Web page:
It's We Recommend, in which we attempt to match kids up with their perfect book. Got a kid in your life who needs a recommendation? Write us at thediamondinthewindow (at) gmail (dot) com with the age, reading tastes, favorite books, and any other relevant (or irrelevant) information, and we'll give it a shot. And really? All the good suggestions are in the comments (especially with this one), so be sure to look there!
This one is a little funky. We got the following lovely email from a reader:
My daughter (age 11) is increasingly getting invitations to bah mitzvahs, which she says she wants to attend because all her friends are going. Since my husband and I are atheists we've been having trouble explaining to her the whole concept of a spiritual journey to adulthood and what Judaism is about. I don't feel good about letting her go to a bah mitzvah just for the sake of the party but if she goes to the service I feel like she needs some background information first. Any ideas (fiction or non-fiction) about something she could read?
Trying to figure out a way into thinking about what sort of book might work here brought up a whole huge question, which is: how are you supposed to tell anyone anything? I mean, there's a whole wide world between Dinosaurs Divorce and Who Moved My Cheese (or whatever self-help books are now sweeping the nation: The Secret? Skinny Bitch? I don't read these so much, though I would no doubt benefit).
Sure, the American Girl books have moved in their juggernaut-like way to take up the slack, and I think there is even a section in A Smart Girl's Guide to Manners about attending religious celebrations of other faiths, but where are the books of yore! You know, the All About Christmas or All Dogs Have ADD or whatever fact-filled well-meaning book you put in the blank? Because the truth is—wait, well there are two truths. One truth: 11 year olds do need help in figuring out what the heck is going on in the world, whether it's Bar Mitzvahs or Obsessive Compulsive Disorder or Socialism—there is a world of things they have inklings about but don't fully understand. Another truth: they don't seem all that keen on having the information given to them.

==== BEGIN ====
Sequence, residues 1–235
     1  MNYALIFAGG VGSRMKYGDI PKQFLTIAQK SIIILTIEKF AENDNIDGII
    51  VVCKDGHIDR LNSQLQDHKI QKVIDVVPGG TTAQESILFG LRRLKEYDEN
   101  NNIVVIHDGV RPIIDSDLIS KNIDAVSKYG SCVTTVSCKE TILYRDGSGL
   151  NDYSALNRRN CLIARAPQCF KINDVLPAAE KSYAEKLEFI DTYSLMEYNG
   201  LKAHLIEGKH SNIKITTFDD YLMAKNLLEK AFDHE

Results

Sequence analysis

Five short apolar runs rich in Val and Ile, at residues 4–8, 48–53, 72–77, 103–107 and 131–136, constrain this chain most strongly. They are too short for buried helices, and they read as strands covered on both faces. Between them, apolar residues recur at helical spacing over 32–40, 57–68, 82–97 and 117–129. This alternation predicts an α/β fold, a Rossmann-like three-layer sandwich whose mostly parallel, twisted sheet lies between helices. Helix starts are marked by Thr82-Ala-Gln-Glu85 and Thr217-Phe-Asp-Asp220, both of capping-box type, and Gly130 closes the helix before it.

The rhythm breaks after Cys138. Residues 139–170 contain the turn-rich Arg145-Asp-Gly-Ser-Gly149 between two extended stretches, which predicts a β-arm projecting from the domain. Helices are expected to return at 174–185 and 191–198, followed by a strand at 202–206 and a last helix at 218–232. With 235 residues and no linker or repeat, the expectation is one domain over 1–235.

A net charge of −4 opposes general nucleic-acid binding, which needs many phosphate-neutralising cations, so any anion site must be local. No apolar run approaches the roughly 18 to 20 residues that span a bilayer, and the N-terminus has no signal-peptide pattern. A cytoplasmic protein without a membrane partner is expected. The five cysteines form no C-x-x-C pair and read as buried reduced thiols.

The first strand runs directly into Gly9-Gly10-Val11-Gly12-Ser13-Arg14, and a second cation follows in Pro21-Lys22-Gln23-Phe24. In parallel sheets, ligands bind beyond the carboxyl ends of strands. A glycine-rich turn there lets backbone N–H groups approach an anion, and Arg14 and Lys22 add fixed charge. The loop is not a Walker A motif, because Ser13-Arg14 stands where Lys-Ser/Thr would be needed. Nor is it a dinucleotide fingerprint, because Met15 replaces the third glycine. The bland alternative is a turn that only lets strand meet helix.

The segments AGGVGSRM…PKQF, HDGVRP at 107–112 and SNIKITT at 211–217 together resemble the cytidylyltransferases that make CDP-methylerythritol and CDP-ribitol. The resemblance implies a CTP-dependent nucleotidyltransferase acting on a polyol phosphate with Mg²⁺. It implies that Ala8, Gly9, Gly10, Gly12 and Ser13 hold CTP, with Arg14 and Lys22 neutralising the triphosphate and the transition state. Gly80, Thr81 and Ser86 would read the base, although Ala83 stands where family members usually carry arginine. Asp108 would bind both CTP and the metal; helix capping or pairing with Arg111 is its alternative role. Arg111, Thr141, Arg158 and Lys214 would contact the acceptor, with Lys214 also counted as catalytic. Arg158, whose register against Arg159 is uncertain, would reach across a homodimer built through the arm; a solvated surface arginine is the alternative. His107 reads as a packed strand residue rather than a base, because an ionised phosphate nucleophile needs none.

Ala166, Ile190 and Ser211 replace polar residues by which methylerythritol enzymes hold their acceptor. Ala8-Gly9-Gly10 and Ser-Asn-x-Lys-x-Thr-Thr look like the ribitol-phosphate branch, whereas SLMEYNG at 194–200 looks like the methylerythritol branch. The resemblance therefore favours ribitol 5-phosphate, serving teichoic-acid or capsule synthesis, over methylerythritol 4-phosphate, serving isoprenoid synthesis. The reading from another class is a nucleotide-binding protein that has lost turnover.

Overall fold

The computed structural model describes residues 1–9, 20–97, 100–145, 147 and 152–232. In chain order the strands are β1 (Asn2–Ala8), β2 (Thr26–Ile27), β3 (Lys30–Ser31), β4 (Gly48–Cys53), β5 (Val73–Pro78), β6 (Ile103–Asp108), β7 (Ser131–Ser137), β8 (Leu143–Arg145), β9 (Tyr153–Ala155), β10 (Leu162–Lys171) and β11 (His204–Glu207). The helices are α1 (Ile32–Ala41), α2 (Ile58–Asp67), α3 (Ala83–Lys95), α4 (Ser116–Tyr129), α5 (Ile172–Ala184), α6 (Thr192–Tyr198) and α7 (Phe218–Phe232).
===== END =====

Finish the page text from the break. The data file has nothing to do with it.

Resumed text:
Now that second truth there comes with many caveats. For instance, many kids are happy to get information from each other, as my daughter's encyclopedic but entirely second-hand knowledge of Dr. Who proves. Also, I did witness a rather thorough and diligent study of A Smart Girl's Guide to Middle School on the part of a 10-year-old cousin in our house. But it isn't as simple somehow. And there aren't all the books out there.
So? What I figure would help is a novel. A good, funny Judy Blume-esque novel about a girl (or boy!) preparing for a bat or bar mitzvah. With chaos. And shenanigans. And a troubling little brother/sister. Such a thing must exist, right? But I don't know it is.
So this is a call to readers far and wide: does this book exist? Does one a little bit like it exist? If so, put it in the comments!
And for what it's worth: Blubber, which is excellent, has an excellent scene AT a bar mitzvah, even if it's not exactly the point. It's a turning point in recognizing the humanity of others, though. And it's a book that is always worth reading. Also? It completely worth going just for the party. Everyone else is.